Because the pharmacokinetics of three popular botulinum toxin products differ, there’s no shortcut to determining equivalent therapeutic doses, according to one expert.
Botox (onabotulinumtoxinA, Allergan) first earned Food and Drug Administration (FDA) approval in 1989. Dysport (abobotulinumtoxinA, Medicis) was approved in 2009. Xeomin (incobotulinumtoxinA, Merz) was FDA-approved in July 2010 for treatment of adults with cervical dystonia or blepharospasm.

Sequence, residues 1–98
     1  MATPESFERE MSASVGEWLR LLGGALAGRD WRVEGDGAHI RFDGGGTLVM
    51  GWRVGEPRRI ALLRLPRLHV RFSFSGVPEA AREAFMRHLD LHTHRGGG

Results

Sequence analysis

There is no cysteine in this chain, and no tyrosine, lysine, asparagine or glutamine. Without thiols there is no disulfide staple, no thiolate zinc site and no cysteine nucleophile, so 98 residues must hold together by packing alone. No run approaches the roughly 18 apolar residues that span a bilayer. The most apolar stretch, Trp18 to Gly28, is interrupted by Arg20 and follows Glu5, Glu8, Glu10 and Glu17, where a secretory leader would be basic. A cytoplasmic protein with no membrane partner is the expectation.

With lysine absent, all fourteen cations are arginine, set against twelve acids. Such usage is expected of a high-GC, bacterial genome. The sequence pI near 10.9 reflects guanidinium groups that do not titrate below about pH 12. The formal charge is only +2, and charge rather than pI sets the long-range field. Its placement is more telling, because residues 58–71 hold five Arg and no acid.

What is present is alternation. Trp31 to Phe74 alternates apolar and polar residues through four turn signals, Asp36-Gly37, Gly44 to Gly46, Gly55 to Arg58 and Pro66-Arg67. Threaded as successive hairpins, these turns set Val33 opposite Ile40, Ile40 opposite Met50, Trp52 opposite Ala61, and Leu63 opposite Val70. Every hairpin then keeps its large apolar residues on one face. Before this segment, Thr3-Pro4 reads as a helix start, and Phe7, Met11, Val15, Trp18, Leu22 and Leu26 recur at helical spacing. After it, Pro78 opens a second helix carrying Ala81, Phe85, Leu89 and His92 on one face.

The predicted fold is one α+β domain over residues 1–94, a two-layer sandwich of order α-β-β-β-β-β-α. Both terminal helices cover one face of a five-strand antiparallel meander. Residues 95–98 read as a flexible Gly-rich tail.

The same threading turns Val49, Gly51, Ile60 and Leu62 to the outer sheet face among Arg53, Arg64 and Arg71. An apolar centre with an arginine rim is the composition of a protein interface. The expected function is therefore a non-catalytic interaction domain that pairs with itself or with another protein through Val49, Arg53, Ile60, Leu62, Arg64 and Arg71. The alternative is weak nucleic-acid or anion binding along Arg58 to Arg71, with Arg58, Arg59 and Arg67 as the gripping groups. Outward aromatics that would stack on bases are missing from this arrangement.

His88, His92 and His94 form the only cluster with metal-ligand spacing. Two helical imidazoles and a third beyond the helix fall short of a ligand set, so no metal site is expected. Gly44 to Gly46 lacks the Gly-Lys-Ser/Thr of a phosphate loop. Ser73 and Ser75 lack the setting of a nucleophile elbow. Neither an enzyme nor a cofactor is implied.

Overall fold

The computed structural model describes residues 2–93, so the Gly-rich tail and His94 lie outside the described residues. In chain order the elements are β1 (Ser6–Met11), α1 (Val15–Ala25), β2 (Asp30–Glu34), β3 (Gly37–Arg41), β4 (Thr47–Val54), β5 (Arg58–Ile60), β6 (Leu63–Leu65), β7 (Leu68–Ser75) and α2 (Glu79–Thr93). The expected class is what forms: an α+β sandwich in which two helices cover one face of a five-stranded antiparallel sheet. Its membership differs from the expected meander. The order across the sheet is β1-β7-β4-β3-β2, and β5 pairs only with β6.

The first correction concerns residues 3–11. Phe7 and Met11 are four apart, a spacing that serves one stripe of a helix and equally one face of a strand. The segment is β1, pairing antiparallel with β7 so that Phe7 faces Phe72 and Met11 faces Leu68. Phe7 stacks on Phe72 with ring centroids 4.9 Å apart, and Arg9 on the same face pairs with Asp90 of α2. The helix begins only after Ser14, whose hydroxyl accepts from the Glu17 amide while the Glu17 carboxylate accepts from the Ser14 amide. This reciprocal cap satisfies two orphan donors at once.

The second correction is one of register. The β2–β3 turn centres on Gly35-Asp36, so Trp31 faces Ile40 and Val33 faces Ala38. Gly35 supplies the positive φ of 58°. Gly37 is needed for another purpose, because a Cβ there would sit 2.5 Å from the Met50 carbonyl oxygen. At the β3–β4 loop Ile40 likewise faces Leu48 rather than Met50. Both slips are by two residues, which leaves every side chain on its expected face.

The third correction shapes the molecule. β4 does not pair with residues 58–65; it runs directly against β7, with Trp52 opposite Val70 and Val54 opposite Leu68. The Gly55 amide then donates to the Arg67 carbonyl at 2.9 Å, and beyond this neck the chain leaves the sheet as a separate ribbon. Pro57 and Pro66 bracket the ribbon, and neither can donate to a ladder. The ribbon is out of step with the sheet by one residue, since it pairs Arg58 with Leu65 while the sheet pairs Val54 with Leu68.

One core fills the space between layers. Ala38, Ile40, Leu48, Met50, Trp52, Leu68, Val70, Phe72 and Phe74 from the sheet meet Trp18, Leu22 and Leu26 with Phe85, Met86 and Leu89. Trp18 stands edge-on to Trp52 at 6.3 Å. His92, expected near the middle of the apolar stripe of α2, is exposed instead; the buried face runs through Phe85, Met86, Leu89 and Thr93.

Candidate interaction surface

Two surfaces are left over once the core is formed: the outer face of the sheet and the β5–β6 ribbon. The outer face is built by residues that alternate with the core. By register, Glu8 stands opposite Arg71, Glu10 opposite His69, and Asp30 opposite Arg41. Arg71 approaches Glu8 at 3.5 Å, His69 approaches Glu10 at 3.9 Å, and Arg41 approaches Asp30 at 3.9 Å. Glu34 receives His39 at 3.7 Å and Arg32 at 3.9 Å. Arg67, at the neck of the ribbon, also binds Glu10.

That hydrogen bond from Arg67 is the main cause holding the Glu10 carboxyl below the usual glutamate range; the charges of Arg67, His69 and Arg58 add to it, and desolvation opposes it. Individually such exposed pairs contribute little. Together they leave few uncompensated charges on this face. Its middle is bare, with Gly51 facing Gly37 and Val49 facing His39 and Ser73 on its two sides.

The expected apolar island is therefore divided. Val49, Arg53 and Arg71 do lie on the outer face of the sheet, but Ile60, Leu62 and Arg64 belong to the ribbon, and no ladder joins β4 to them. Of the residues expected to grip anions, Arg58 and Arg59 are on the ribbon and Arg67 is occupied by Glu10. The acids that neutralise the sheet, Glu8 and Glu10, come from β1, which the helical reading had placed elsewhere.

Among FDA-approved products, “There’s no easy way to convert patients from one to the other. You can’t just multiply the Botox dosage by 2.5, put patients on Dysport and hope for the best,” says Kevin C. Smith, M.D., an Ontario-based dermatologist in private practice. “It’s not just a matter of the dose.” Because these products diffuse differently, achieving comparable results when switching from one drug to the other may require alteration in injection points, he explains.